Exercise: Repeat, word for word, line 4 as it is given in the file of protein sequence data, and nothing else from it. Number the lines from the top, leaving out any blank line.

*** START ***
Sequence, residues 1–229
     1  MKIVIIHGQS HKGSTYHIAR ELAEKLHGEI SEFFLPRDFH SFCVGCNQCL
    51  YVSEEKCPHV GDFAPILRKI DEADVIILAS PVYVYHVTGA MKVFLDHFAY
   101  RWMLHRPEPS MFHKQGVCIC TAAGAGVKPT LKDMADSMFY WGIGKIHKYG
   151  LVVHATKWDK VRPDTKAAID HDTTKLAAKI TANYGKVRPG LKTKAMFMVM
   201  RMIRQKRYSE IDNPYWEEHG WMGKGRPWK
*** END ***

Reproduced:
   101  RWMLHRPEPS MFHKQGVCIC TAAGAGVKPT LKDMADSMFY WGIGKIHKYG